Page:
China Tackles Oil Slick After Pipeline Blast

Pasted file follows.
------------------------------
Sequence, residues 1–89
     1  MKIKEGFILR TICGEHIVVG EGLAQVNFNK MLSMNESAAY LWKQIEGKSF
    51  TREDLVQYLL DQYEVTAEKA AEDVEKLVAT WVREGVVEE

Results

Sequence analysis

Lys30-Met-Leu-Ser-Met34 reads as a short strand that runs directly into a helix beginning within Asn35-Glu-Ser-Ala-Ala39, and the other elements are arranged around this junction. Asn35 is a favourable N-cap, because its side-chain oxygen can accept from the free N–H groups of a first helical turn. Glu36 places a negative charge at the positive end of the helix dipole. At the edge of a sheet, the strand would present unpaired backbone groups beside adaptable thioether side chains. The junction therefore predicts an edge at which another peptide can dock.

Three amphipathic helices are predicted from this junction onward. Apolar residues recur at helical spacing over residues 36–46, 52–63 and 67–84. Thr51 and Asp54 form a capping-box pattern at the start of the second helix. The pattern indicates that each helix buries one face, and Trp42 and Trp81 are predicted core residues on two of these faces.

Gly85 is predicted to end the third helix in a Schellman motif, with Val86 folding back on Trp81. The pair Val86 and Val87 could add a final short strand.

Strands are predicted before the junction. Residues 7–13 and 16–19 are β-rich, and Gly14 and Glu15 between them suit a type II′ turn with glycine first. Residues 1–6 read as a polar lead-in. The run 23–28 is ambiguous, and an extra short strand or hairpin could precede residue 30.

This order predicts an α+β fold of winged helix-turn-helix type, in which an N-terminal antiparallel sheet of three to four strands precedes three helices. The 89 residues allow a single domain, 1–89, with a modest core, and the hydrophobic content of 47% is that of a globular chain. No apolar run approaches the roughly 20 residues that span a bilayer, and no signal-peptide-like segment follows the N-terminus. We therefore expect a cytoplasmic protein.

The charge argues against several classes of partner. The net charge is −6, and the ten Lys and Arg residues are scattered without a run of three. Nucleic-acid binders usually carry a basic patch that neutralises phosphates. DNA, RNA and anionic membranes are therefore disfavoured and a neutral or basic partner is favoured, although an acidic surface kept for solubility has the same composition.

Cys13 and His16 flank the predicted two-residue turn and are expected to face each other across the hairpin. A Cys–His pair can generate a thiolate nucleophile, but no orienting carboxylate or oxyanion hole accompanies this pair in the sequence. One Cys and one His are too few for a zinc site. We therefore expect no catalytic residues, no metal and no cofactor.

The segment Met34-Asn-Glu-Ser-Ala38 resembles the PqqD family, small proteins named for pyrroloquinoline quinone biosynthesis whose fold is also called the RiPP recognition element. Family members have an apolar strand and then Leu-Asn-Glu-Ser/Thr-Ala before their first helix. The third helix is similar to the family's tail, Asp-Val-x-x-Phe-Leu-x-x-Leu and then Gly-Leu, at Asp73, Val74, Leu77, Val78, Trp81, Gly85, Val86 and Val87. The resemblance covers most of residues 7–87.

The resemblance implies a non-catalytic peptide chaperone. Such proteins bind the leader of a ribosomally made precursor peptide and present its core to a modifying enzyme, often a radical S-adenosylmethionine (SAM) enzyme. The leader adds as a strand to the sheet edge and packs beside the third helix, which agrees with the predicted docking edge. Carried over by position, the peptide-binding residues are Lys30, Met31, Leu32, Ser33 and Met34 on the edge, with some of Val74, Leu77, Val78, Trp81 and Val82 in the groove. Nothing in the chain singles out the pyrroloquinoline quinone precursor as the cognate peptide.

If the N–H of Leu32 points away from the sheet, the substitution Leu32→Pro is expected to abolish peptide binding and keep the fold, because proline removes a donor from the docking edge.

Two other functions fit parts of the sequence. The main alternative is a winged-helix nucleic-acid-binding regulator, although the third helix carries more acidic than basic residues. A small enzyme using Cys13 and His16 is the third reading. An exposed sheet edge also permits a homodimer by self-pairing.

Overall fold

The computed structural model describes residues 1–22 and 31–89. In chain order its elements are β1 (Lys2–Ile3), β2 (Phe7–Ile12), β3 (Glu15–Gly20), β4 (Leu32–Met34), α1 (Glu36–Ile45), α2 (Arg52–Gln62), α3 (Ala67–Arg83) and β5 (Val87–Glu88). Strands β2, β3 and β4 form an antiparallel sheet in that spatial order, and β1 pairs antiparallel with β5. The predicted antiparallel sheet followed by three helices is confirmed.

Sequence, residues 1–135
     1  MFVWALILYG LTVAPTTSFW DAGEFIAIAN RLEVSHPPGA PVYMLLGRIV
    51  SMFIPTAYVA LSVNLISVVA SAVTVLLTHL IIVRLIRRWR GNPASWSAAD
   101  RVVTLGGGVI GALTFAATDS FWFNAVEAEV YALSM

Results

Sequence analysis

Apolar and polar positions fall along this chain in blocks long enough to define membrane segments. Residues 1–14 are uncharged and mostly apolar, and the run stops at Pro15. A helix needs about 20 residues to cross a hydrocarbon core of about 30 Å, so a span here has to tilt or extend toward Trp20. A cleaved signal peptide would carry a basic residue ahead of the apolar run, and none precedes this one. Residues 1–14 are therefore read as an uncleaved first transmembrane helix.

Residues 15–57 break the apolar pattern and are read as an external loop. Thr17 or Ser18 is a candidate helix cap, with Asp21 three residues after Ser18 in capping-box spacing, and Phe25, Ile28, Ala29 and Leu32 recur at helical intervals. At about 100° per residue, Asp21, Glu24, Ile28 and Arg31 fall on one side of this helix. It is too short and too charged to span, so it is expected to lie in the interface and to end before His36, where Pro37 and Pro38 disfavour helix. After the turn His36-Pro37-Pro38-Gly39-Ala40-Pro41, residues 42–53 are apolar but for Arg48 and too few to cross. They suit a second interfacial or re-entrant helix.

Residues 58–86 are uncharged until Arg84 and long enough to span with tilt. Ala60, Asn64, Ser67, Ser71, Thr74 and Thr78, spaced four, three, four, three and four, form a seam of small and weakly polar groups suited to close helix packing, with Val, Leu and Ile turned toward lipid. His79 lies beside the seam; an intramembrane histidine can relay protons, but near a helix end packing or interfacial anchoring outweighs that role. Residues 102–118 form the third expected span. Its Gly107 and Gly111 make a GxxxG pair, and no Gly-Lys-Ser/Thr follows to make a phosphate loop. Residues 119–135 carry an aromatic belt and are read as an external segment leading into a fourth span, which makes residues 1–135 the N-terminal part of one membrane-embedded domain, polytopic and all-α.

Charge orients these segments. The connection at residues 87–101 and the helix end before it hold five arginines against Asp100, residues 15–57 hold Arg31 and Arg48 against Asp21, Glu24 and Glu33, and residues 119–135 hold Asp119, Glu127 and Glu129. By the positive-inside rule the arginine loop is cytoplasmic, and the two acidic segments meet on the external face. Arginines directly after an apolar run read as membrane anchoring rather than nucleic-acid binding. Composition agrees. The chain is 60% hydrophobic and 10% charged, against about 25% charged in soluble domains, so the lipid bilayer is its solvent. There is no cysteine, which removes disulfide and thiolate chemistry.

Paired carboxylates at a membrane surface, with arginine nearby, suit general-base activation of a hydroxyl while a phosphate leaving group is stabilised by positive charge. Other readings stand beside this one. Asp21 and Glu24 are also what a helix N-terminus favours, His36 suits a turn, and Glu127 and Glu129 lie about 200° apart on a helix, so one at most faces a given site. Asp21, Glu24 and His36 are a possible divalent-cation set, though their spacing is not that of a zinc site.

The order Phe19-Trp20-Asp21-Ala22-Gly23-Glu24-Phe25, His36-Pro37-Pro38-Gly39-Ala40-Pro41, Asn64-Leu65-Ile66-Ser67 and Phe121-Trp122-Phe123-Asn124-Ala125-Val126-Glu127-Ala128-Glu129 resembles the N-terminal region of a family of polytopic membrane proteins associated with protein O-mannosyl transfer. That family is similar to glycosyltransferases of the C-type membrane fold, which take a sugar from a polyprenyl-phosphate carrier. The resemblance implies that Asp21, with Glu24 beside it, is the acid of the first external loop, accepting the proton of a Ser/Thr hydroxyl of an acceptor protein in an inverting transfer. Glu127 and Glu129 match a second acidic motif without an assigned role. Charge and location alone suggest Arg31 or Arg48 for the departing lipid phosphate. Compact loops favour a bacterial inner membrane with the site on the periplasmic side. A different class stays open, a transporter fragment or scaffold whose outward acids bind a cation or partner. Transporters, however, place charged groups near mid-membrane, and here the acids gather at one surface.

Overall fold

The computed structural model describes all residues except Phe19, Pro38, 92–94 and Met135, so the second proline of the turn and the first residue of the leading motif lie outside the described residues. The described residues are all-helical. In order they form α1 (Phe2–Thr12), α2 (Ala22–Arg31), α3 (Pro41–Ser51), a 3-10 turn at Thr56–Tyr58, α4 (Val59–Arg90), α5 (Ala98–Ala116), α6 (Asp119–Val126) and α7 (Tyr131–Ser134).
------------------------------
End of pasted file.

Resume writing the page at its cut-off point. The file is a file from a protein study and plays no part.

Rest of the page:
Chinese authorities have launched a clean-up operation to tackle 50 sq km slick following an explosion of two crude oil pipelines in Dalian. Hundreds of firefighters worked for more than 15 hours to extinguish the blaze that started late on Friday when a pipe transporting crude oil from a ship to a storage tank blew up, causing a second pipeline nearby to explode. There were no casualties, but state television said oil had contaminated the ocean off the port city in Liaoning Province. State oil company PetroChina, which operates two major refineries in the area has set up a contingency plan to cope with one week's closure of the main oil port that receives foreign crude vessels regularly and is also a main export point for gasoline and diesel. Workers are using skimmers and dispersants to break up the oil slick and stop it from spreading. So far about 7,000 metres of floating booms have been set up and at least 20 oil skimmers are working to clean the spill. The Xingang oil storage site, where the explosion happened, is home to one of the country's first government-held emergency crude stockpiles and a larger commercial crude reserve base built by PetroChina. Reports say the blast happened when a Liberian-flagged tanker was off-loading oil. The cause of the blast is under investigation, and CNPC, the parent of PetroChina, said monitoring of the air and sea environment had been stepped up in the affected areas.